It is worth mentioning here that if you’ve got a busy schedule and are under a lot of stress, finding 20 minutes per day for cardio activity is a good option.
- Preventing diseases
In the USA alone, heart disease is one of the leading causes of death.
Cardiovascular issues are mainly an end product of poor nutritional and activity habits and last but not least, stress.
As a matter of fact, stress can make your whole body sick, not just the heart.
Think about it… If stress releases cortisol and cortisol stops the growth of the organism and the immune system, and also makes the heart beat incoherently… Well, then sooner or later the body will shut down for maintenance, if you know what I’m saying.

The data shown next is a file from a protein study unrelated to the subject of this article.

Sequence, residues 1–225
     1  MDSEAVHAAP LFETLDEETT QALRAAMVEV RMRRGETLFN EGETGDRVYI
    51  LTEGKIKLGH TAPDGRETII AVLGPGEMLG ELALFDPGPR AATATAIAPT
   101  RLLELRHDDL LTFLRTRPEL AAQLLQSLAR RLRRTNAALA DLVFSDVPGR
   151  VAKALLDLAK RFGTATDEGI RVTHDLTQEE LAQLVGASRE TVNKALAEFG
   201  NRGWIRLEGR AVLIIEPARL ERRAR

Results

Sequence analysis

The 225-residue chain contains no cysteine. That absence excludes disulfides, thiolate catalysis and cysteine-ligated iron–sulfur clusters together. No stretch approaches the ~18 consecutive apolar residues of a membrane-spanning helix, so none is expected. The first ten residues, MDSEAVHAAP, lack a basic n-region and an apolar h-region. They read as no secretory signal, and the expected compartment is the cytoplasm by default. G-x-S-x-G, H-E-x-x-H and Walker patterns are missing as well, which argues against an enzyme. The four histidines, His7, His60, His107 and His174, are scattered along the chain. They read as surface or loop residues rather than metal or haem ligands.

It is enough to know that by taking care of your body, improving
nutrition and cutting out the bad habits, you will lower the risk of strokes, high
blood pressure and other cardiovascular diseases.
How to Do Cardio Without Losing Muscle
Alright, we know that doing cardio has many health and musclebuilding
benefits, but how do we go on about actually doing it?
Well, I’ll give you a scheme for implementing and structuring your cardio
workouts, in a way that won’t be painful or torturing.
For now, we will use the simplest cardio exercise- Running.
The most important mention here is- Picking your running surface.
Preferably, use a running track or a treadmill, or run outside in nature.
Avoid running near places with heavy traffic, as you want to be breathing in PURE
OXYGEN, rather than air full of toxic car emissions.